Elizabeth Warren: The Essential Interviews

by

Elizabeth Warren, Harvard law professor and consumer advocate, announced today that she’s running for the Democratic ticket in next year’s U.S. Senate race in Massachusetts.

As everyone starts digging into Warren’s past (hello, journalists), we thought we’d give you a hand. We’ve published three extensive interviews with Warren, starting in 2004.

Without further ado:

+ The Secret History of the Credit Card (2004): Warren discusses the problems with America’s massive consumer loan industry, and offers some interesting insights as to why she studies bankruptcy:

Bankruptcy is about financial death and financial rebirth. Bankruptcy is the great American story rewritten. We’re a nation of debtors.

She also tackles the credit card lobby, calling it “a great big multibillion-dollar industry talking to Congress, whispering in their ear.”

+ Can You Afford to Retire? (2006): Warren explains the history of pensions; why many Americans are losing theirs; and how bankruptcy laws play a major role in this:

What we are starting to create now is a notion in the United States that it’s old-fashioned and clearly unprofitable to make good on your promises to your employees and retirees.

+ Breaking the Bank (2009): Among the issues she expounds upon are the Troubled Asset Relief Program [TARP] bailout; her disappointment with Treasury Secretary Tim Geithner’s first speech to the American people; and her plans for the TARP Congressional Oversight Panel, which she chaired. She says that more people should have seen the ’08 financial crisis coming:

If we don’t know that there’s a problem, then it’s because we’ve got our fingers stuffed in our ears, our eyes taped shut, and we’re singing, “La, la, la, la, la, I can’t hear you.”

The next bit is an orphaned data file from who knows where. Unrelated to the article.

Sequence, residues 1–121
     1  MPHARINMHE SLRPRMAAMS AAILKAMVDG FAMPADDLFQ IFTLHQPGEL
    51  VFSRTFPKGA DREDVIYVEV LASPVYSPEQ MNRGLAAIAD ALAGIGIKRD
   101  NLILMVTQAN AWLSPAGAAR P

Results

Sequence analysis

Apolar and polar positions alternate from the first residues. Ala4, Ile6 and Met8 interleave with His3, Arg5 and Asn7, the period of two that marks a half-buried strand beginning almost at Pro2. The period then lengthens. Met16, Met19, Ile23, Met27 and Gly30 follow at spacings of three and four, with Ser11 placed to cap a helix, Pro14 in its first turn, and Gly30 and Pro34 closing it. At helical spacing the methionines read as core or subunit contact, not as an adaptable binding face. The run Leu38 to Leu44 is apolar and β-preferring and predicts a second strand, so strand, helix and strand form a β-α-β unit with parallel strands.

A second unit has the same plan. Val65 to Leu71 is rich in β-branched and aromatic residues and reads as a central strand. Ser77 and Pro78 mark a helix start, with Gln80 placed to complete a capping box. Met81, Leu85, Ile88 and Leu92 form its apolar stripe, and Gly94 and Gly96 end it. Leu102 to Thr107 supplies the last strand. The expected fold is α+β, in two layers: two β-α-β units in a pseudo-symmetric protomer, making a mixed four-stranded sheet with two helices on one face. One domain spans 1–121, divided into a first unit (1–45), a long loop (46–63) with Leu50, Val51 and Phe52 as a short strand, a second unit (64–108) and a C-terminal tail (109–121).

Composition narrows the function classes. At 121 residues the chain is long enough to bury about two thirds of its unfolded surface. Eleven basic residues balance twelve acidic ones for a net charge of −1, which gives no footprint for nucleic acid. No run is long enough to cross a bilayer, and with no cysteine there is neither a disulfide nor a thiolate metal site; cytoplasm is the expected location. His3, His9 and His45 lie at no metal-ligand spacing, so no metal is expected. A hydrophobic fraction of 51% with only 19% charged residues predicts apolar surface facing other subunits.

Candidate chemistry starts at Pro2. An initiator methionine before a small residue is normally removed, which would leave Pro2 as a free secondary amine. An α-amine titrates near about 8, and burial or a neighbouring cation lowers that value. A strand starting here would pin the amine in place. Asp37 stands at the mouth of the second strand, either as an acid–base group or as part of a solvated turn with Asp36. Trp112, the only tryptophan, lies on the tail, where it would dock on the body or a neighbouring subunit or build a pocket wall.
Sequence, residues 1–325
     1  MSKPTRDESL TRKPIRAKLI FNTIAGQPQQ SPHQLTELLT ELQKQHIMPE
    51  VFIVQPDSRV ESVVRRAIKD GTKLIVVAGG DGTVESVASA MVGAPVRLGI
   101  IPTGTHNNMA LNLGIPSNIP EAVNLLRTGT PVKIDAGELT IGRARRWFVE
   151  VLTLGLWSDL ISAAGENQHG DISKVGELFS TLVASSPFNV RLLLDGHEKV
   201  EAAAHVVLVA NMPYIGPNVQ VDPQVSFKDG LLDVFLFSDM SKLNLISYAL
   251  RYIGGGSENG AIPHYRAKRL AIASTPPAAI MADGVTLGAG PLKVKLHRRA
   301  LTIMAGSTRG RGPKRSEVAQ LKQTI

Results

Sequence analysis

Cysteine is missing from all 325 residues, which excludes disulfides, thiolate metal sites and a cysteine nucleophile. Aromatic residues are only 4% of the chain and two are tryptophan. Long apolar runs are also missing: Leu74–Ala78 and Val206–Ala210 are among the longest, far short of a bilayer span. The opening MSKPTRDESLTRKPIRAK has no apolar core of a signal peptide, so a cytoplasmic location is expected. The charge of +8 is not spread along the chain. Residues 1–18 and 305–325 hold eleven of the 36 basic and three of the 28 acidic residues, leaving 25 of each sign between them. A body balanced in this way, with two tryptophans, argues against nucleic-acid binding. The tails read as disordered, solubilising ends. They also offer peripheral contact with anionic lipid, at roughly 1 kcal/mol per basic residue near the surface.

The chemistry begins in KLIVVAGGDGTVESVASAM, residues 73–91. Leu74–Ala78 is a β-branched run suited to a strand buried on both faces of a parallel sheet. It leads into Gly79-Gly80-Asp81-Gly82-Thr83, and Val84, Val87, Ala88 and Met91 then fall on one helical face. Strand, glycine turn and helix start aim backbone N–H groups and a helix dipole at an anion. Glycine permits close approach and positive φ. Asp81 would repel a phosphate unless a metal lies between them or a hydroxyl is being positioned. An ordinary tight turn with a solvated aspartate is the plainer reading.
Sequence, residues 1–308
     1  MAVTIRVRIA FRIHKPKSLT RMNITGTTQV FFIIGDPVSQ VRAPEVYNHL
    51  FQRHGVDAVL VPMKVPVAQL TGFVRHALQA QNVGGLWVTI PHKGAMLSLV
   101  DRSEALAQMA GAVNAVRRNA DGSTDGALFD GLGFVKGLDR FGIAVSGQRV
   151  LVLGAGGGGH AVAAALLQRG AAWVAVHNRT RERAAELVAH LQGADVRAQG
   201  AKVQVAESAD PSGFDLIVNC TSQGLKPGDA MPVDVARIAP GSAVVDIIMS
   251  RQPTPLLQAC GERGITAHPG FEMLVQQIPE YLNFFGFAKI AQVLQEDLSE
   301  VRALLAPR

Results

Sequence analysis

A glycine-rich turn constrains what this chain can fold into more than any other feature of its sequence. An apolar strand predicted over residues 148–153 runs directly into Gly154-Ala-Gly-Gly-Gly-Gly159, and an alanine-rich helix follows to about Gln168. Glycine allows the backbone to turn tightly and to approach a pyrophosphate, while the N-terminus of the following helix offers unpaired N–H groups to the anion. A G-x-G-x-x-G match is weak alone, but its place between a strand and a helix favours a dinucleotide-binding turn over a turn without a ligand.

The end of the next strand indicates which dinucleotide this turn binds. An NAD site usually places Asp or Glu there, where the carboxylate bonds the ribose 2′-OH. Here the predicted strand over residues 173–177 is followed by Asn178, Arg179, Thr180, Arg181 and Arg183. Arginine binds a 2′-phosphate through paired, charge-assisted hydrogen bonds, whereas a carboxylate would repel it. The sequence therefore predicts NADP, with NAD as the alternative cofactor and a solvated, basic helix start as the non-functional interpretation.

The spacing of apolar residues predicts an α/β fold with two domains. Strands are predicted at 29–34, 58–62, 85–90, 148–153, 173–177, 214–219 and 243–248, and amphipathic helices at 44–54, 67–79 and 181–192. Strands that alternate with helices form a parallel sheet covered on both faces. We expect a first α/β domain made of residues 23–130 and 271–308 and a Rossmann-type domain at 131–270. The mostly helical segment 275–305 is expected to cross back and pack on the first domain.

Also check out these three video excerpts from her extended interview (scroll down, they’re towards the bottom).

blog comments powered by Disqus

In order to foster a civil and literate discussion that respects all participants, FRONTLINE has the following guidelines for commentary. By submitting comments here, you are consenting to these rules:

Readers' comments that include profanity, obscenity, personal attacks, harassment, or are defamatory, sexist, racist, violate a third party's right to privacy, or are otherwise inappropriate, will be removed. Entries that are unsigned or are "signed" by someone other than the actual author will be removed. We reserve the right to not post comments that are more than 400 words. We will take steps to block users who repeatedly violate our commenting rules, terms of use, or privacy policies. You are fully responsible for your comments.

SUPPORT PROVIDED BY

NEXT ON FRONTLINE

The Rise of ISISOctober 28th

FRONTLINE on

ShopPBS
Frontline Journalism Fund

Supporting Investigative Reporting

Funding for FRONTLINE is provided through the support of PBS viewers and by the Corporation for Public Broadcasting. Major funding for FRONTLINE is provided by The John D. and Catherine T. MacArthur Foundation. Additional funding is provided by the Park Foundation, the Wyncote Foundation, and the FRONTLINE Journalism Fund with major support from Jon and Jo Ann Hagler on behalf of the Jon L. Hagler Foundation.PBSPark FoundationMacArthur FoundationwyncoteCPB

FRONTLINE   Watch FRONTLINE   About FRONTLINE   Contact FRONTLINE
Privacy Policy   Journalistic Guidelines   PBS Privacy Policy   PBS Terms of Use   Corporate Sponsorship
FRONTLINE is a registered trademark of WGBH Educational Foundation.
Web Site Copyright ©1995-2014 WGBH Educational Foundation
PBS is a 501(c)(3) not-for-profit organization.